Governor Bruce Rauner signed the bill that lifts Illinois’ bobcat hunting ban on July 15. The law takes effect on Jan. 1, 2016, according to the Chicago Tribune, and will allow hunters to kill one bobcat per season. The cat, which is not nearly as big as some in the Illinois general assembly said it is, was hunted until it nearly disappeared from the state. It was taken off of the threatened species list in 1999.
One of the problems is that, in lifting the bobcat hunting ban, Rauner ignored the vast majority of voters in Illinois. A month ago, the Humane Society of the United States posted the results of a poll showing that over 70 percent of Illinois voters wanted the bobcat hunting ban to remain in place. That was true in all parts of the state.
The general assembly pushed myths and lies to get support for lifting the bobcat hunting ban
The Tribune correctly notes that bobcats are reclusive creatures. Yet, as I pointed out when I last wrote about this, some in the general assembly built their cases on falsehoods. State representative Ed Sullivan (D-Mundelein) actually asked others to imagine a 60-pound bobcat that can kill something ten times its weight. He also asked them to imagine one carrying off a child, or even a small woman. This is literally not possible for bobcats
Bobcats are small, roughly 17-30 pounds, and they do not like people. We’re not their natural prey, and they instinctively stay away from us. Big Cat Rescue says that, when we see bobcats, it’s generally because we’ve either taken their habitat, or hunters have taken their prey. Bobcats are smart, though, and they are able to live alongside humans with no trouble. They can also help to keep rodent populations in check, which is an asset to farmers and ranchers.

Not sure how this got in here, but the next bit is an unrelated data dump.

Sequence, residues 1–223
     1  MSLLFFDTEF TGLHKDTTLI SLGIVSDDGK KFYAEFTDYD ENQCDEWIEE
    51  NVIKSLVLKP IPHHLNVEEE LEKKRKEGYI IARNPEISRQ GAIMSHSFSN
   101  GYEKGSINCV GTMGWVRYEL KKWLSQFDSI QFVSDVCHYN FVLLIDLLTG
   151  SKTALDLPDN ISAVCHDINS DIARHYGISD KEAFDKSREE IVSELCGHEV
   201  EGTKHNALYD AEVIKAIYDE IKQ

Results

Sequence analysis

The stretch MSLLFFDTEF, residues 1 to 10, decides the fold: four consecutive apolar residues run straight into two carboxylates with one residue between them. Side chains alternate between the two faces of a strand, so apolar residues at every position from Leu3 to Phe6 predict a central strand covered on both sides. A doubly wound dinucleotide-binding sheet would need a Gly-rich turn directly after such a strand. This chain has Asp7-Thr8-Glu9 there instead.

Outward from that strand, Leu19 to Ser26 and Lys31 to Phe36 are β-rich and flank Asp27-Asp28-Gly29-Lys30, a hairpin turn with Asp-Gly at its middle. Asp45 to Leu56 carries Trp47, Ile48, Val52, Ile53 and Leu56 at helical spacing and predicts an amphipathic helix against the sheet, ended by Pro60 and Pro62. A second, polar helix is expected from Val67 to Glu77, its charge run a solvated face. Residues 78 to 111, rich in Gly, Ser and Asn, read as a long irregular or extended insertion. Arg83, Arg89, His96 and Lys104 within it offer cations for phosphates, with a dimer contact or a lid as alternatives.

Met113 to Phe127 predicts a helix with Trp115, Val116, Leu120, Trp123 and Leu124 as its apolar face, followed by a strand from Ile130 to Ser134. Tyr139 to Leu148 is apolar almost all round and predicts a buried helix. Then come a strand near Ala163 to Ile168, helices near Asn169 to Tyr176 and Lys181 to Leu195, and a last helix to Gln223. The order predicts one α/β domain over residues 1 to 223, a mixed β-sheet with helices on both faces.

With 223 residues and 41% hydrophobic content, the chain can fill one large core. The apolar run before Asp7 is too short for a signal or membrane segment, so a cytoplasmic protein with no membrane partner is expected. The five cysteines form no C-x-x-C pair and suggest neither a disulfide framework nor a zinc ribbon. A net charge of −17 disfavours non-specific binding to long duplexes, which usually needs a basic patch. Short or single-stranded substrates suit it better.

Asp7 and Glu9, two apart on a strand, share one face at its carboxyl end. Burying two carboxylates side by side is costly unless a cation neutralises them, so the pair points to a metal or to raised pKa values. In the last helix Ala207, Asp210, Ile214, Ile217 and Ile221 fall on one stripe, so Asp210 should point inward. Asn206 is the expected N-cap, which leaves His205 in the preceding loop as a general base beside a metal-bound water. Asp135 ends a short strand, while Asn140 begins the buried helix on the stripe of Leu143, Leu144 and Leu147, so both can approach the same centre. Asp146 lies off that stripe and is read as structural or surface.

The Tribune says that some people would dispute that bobcats can live alongside us with no trouble, saying that people are worried for their children’s safety and also that of their livestock. The biggest problem we have when it comes to wild predators is misinformation, and these fears are based on misinformation.
Bobcats are a vital part of the Illinois ecosystem
Furthermore, as former Governor Pat Quinn said when he vetoed the bobcat hunting ban in January of this year, bobcats are a valuable part of the ecosystem. Rauner, however, loves sport hunting and fishing. That is likely why he signed the bill; he’s kowtowing to his own recreation, and to the hunters in Illinois.
Killing one bobcat per hunter, per season, doesn’t sound like much. It doesn’t sound like that kind of a limit will allow hunters to once again devastate Illinois’ bobcat population, but it adds up. That’s especially true when you consider the fact that there’s no reason to hunt bobcats other than to “protect” the hunters’ favorite game from competition. They also want the trophies, and some likely want to make some money selling the fur.
We needed the bobcat hunting ban to remain in effect. Unfortunately, the lies, the misinformation, and the special interests won the day.